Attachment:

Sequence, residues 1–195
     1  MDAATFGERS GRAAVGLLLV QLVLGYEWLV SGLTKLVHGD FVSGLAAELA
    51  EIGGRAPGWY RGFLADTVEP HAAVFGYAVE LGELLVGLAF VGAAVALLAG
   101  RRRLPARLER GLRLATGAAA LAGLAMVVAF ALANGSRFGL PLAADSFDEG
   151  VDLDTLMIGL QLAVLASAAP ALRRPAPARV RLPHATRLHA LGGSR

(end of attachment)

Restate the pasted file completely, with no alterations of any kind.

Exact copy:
Sequence, residues 1–195
     1  MDAATFGERS GRAAVGLLLV QLVLGYEWLV SGLTKLVHGD FVSGLAAELA
    51  EIGGRAPGWY RGFLADTVEP HAAVFGYAVE LGELLVGLAF VGAAVALLAG
   101  RRRLPARLER GLRLATGAAA LAGLAMVVAF ALANGSRFGL PLAADSFDEG
   151  VDLDTLMIGL QLAVLASAAP ALRRPAPARV RLPHATRLHA LGGSR